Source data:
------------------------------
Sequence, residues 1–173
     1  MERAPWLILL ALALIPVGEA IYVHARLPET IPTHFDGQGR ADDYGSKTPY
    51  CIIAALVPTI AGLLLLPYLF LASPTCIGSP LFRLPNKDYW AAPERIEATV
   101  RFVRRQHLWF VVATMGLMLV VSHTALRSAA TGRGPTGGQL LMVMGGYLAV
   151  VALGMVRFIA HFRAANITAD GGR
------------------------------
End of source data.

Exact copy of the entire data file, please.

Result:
Sequence, residues 1–173
     1  MERAPWLILL ALALIPVGEA IYVHARLPET IPTHFDGQGR ADDYGSKTPY
    51  CIIAALVPTI AGLLLLPYLF LASPTCIGSP LFRLPNKDYW AAPERIEATV
   101  RFVRRQHLWF VVATMGLMLV VSHTALRSAA TGRGPTGGQL LMVMGGYLAV
   151  VALGMVRFIA HFRAANITAD GGR